Pope Francis on Monday continued to recast the Catholic Church’s image by focusing on its inviting, merciful aspects, this time shocking a planeload of reporters by saying of homosexuality: “Who am I to judge?”

So Francis’s remarks were greeted warmly by advocates for gay and lesbian Catholics, who spoke of suddenly feeling welcome instead of being outcasts.

“Pope Francis today uttered some of the most encouraging words a pontiff has ever spoken about gay and lesbian people,” said a statement by Equally Blessed, a coalition of four groups working with LGBT Catholics and their families.

Pope Francis visits shanty town during week long tour of Brazil

Wyre Davies: But not everyone thinks the Church is moving fast or far enough, especially on issues of sexuality.

Delfin Bautista (Equally Blessed pilgrim at World Youth Day): The archbishop was talking about that we don't discrimate, yet we're denied the ability to be who we are and to express who we are. And so, really challenging the Church to really rethink what it's teaching. 

US Supreme Court: DOMA unconstitutional, Prop 8 appeal dismissed

The U.S. Supreme Court issued two rulings Wednesday morning regarding same-sex marriage, first finding that the Defense of Marriage Act's marriage definition is unconstitutional and later dismissing the appeal ruling regarding California's Proposition 8 for lack of standing.

While the decisions represented for same-sex marriage supporters a reason for "prayers of thanksgiving," U.S. Catholic bishops described it as "a tragic day for marriage and our nation."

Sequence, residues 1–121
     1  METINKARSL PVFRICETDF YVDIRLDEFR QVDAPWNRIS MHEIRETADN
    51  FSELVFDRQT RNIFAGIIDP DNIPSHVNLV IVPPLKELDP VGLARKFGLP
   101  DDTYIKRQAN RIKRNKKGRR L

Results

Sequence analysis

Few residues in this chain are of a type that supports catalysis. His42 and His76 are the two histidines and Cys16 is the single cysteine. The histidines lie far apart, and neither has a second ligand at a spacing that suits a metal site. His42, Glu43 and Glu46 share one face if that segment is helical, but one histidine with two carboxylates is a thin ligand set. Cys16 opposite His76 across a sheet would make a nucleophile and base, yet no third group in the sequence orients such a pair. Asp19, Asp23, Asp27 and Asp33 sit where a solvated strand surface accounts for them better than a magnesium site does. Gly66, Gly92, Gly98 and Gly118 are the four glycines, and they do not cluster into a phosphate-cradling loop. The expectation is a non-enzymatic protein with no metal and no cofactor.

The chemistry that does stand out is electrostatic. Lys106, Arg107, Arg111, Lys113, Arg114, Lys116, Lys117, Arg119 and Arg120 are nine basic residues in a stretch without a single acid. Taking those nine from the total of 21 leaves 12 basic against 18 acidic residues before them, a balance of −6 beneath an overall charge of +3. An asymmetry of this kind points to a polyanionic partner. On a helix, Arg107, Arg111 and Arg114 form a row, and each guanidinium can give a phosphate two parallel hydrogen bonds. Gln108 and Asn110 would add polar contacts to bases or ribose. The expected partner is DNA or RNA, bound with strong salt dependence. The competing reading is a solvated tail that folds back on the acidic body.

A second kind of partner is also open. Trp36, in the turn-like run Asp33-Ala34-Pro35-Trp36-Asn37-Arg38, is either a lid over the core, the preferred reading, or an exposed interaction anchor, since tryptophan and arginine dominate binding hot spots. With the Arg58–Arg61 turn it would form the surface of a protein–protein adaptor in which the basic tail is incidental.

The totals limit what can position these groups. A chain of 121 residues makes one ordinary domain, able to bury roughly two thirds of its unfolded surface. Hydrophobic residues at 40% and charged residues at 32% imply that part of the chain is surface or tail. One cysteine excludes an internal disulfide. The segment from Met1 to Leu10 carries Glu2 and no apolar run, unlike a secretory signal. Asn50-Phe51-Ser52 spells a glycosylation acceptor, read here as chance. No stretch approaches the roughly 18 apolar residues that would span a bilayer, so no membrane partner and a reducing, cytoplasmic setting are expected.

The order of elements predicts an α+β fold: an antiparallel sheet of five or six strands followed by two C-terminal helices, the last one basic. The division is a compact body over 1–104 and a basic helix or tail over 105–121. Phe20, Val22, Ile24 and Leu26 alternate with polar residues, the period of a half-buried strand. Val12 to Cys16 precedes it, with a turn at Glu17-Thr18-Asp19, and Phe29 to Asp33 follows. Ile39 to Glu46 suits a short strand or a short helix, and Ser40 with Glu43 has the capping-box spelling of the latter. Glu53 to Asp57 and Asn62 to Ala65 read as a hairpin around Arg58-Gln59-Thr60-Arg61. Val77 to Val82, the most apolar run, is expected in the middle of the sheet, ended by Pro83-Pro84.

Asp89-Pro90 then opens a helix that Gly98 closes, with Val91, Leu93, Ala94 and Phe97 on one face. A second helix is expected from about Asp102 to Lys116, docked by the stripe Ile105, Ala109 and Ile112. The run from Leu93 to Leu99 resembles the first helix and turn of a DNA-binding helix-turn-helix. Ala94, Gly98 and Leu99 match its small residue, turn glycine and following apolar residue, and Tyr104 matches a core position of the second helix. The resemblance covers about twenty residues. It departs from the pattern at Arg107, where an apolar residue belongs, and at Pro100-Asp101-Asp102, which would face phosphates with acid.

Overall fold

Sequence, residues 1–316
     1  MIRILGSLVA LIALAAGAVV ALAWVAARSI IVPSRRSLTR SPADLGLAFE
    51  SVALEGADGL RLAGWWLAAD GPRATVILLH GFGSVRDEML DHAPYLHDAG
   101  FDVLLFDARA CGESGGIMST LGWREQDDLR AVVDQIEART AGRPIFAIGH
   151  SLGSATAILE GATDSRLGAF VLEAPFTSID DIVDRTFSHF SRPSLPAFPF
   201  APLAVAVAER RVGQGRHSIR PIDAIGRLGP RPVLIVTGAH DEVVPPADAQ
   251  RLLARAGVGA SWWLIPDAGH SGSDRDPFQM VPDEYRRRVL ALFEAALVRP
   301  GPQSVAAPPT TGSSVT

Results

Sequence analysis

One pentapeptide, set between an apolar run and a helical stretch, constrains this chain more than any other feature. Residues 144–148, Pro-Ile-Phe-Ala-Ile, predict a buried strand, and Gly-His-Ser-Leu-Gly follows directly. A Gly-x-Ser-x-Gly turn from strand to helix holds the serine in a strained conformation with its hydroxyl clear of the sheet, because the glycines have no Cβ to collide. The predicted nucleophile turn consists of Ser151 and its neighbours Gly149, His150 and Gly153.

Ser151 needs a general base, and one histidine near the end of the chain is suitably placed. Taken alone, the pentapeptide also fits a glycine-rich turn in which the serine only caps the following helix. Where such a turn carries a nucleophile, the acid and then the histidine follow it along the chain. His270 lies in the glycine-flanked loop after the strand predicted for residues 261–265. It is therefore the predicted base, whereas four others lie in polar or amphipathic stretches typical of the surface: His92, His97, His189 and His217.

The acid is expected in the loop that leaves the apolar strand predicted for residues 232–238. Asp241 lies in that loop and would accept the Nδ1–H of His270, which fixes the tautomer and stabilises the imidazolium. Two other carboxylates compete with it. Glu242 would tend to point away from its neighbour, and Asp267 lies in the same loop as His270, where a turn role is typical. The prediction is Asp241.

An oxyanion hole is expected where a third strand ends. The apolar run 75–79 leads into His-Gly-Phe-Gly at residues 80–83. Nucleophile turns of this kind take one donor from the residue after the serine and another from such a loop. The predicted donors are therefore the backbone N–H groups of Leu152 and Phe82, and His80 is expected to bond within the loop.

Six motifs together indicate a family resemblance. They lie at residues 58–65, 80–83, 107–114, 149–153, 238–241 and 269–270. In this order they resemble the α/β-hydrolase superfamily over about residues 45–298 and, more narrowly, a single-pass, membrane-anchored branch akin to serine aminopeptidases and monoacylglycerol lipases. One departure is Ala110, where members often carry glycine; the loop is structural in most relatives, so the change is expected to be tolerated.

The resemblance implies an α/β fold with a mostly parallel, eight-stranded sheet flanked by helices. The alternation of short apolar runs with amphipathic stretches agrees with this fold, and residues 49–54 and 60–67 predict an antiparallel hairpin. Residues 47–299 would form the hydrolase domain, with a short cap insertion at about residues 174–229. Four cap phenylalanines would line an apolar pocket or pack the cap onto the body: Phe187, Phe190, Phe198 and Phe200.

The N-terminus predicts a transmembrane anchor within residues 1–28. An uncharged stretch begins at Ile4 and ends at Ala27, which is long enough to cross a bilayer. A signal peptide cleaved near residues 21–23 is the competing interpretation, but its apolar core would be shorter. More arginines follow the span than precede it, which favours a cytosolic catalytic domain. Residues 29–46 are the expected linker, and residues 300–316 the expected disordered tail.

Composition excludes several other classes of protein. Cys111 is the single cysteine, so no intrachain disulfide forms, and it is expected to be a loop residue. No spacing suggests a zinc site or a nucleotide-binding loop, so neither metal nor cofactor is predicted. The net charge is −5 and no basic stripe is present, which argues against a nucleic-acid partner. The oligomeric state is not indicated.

Equally Blessed, a coalition of four Catholic gay ministry organizations, saw the day as reason to "celebrate and offer ​prayers of thanksgiving."

"And tomorrow we invite our fellow Catholics to join us in working to bring marriage equality to the states in which it has not yet been written into law," the coalition said in a press release, also noting that Kennedy, who wrote the DOMA opinion, is Catholic, as is Sotomayor, who supported the decision.

Reactions to gay marriage wins at Supreme Court

“As members of the Catholic Church and citizens of the United States, we are elated that the U. S. Supreme Court has both struck down the Defense of Marriage Act and cleared the way for marriage equality in the state of California. We are especially pleased to see that Justice Anthony Kennedy, a Catholic, wrote the opinion striking down DOMA, and that Justice Sonia Sotomayor, who is also a Catholic, concurred in this historic decision.”

-Equally Blessed, a coalition of four Catholic organizations 

 

U.S. Catholics hopeful, but wary, of new Pope Francis

Catholics may be wary of Pope Francis' conservative views on culture, but still couch their comments in hopeful tones.

A statement from Equally Blessed, a coalition of four Catholic groups concerned with lesbian, gay, bisexual and transgender issues, urged Pope Francis to listen to their concerns.

They charge, though, that as archbishop of Buenos Aries, Bergoglio made statements "not worthy of a pope or anyone in pastoral ministry" and called his writings "profoundly discouraging to LGBT Catholics."